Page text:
As we have made our way through the Gospel of Mark, a recurring theme has been disciples who just don’t get it .
Firstly, back in chapter 4, we saw the disciples panicking during the storm on the lake while Jesus, the one through whom the wind, rain, and seas were made, was sound asleep. They did not yet understand who the Messiah was. They knew he was great, but they had no inkling just how great he really was.
Later, in chapter 5, Jesus jostled by the crowd as he walked along, felt power drain from him. He stopped to ask who had touched him and the disciples, once again, were incredulous. “What do you mean, ‘Who touched me?’? Everyone is touching you!” Yet again, their view of the Saviour was far too small. They saw him as a great man, but not as the God-Man.
In chapter 6, a crowd of five thousand had been listening to Jesus teach. He instructed his disciples to give the crowd something to eat. Flabbergasted, they replied, “Shall we go and buy two hundred denarii worth of bread and give it to them to eat?” Jesus then fed the five thousand with five loaves and two fish. Again, they came away amazed. Who was this man? Jesus then walked on water and, instead of worshipping him, they were terrified, thinking that they were seeing a ghost.
In chapter 7, Jesus fed the four thousand and asked them, “Do you not yet perceive or understand? Are your hearts hardened? Having eyes do you not see, and having ears do you not hear?” (vv. 17–18)
Then Mark recorded a few miracles, bookended front and back by the healing of a blind man.
After the first healing of the blind man, we see Peter, who seems to have had a moment of clear vision—a bit like when you’re at the optometrist and they flick the right combination of lenses in front of your eyes—suddenly seeing the world through crisp and clean eyes. Peter declared that Jesus was the Christ. Finally!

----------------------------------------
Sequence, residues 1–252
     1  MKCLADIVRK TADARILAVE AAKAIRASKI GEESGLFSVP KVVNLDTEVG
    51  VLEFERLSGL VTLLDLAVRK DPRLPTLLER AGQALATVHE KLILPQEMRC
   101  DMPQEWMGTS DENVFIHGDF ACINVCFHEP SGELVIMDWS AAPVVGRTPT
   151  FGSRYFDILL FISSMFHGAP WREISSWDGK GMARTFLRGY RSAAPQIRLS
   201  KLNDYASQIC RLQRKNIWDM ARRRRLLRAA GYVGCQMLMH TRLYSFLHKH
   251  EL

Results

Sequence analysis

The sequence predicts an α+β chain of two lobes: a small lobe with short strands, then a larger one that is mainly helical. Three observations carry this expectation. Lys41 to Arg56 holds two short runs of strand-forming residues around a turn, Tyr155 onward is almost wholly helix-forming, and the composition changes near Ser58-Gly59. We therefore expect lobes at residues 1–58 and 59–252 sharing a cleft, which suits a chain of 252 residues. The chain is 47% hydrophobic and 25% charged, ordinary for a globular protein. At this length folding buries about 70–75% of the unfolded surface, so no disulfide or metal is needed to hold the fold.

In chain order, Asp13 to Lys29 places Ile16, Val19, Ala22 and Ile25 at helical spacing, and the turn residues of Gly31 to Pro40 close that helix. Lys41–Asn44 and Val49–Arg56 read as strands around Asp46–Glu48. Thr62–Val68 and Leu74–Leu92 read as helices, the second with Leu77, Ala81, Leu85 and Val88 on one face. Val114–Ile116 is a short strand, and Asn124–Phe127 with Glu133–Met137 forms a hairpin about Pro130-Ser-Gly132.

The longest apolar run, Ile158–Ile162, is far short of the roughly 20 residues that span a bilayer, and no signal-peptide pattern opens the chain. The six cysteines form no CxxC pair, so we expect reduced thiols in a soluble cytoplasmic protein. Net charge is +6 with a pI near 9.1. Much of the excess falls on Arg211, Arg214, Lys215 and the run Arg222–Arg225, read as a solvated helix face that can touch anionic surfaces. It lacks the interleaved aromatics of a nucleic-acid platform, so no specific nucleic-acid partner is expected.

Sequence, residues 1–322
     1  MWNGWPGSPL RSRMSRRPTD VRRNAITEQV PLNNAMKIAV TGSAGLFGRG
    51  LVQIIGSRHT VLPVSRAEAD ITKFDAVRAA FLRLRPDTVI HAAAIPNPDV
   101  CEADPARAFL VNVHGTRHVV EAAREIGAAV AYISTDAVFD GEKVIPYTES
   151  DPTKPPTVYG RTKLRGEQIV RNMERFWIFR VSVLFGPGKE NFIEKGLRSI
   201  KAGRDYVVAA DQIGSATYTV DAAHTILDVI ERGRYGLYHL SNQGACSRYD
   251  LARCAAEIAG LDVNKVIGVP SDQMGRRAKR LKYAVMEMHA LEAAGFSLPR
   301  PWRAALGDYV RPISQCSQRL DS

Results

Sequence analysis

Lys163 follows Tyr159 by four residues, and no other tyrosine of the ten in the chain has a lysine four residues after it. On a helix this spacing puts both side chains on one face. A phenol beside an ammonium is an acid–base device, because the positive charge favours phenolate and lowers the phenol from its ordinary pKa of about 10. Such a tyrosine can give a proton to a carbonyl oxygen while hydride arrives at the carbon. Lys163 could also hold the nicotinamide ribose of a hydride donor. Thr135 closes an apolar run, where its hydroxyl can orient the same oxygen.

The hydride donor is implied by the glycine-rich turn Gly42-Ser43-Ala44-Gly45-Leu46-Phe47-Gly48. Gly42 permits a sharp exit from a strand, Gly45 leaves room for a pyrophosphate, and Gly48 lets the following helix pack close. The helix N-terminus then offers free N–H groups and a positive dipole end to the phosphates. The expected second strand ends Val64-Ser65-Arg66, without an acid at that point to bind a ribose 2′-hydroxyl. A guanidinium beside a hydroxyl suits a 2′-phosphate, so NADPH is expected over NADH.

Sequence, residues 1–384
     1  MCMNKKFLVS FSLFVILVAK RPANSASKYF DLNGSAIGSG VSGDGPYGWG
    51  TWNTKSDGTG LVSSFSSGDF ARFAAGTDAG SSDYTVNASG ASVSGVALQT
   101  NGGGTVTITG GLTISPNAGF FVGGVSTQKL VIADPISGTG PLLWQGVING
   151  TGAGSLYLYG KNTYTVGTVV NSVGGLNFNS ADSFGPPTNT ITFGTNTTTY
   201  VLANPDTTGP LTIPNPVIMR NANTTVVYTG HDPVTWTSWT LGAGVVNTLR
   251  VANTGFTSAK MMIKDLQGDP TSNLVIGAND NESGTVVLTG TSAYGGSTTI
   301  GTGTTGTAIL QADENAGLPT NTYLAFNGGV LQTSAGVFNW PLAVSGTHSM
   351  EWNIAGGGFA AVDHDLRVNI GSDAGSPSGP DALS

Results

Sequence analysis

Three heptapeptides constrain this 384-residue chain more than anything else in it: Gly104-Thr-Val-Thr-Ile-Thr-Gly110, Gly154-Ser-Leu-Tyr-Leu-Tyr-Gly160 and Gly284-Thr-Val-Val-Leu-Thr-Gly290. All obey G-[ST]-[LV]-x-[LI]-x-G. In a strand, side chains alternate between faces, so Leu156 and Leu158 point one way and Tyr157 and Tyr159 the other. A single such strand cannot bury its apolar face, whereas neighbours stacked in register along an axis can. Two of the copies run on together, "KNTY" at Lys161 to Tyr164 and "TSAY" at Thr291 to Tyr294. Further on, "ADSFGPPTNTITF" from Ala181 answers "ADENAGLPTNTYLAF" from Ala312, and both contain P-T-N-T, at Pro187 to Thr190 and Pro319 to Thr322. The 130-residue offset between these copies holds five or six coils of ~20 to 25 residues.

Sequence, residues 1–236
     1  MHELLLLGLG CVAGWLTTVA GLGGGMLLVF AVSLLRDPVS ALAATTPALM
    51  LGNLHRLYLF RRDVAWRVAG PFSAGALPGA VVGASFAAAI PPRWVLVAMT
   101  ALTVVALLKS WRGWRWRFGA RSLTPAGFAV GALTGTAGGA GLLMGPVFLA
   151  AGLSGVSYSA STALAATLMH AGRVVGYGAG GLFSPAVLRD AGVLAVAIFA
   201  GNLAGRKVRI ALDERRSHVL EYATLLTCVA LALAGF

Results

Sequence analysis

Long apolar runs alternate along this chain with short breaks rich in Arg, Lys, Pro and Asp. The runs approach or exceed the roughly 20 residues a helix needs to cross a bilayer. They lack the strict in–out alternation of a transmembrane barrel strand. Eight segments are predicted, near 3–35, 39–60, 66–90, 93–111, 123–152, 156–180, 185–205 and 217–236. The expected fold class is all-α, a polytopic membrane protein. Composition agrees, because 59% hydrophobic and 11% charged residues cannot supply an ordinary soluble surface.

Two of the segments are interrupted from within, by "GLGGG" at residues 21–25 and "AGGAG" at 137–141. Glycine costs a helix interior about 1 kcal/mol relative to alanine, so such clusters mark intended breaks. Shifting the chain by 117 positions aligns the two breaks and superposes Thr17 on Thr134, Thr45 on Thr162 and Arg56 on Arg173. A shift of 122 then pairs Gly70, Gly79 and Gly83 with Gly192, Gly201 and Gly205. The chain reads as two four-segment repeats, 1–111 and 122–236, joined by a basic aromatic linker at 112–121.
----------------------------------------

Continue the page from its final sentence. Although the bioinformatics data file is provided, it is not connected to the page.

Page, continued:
But, no, straight afterwards, Peter, flush with confidence after his recent affirmation, rebuked Christ for speaking about his impending death, and Jesus called him, “Satan,” telling him to “get behind” him. Ouch! Evidently he still didn’t get it!
The disciples were then unable to heal a demonised boy, but Jesus was able. Later we the disciples argued about who was the greatest, and shooed unimportant children away. Then James and John were found asking for positions of honour and authority in the kingdom. No doubt, they had an earthly kingdom in mind here. Jesus, having freed Israel from Roman oppression, would set up a government, with himself as King (obviously!), but he would surely need a Number 2 man. James and John felt that they were right for the job. Then we have the account of Bartimaeus’s healing and read of his recovered his sight despite the crowd trying to silence him.
If you’re like me, you find yourself reading these accounts and shaking your head or rolling your eyes. Why couldn’t these guys see it? How dumb could they be?
Or perhaps you aren’t like me. Perhaps you find yourself sympathising with the disciples in their blindness. You wonder doubtfully if you would have seen and interpreted the signs of the times and whether you would have recognised Jesus for who he was: the Son of God. Perhaps you feel like the disciples and the Pharisees deserve a little slack. Was it really that clear?
But, yes, it really was. There had been numerous prophecies about the Messiah throughout Israel’s history and ample evidence to confirm that Jesus of Nazareth was indeed the promised Son of David. Why could they not see it?
Well, their understanding of the kingdom was far too small. Their view of God was far too small.
They had forgotten that it was only because of sin that they had to offer thousands of sacrifices to atone for their sins every year. They had forgotten about the penalty for sin being death. They were so wrapped up in the physical land of Palestine that they had forgotten about the problem that, even if Messiah were to rescue them and set up a glorious, Solomon-like kingdom, they would not be around very long to enjoy it. Their world was too small. Their gaze was too low. They could only see their own two feet.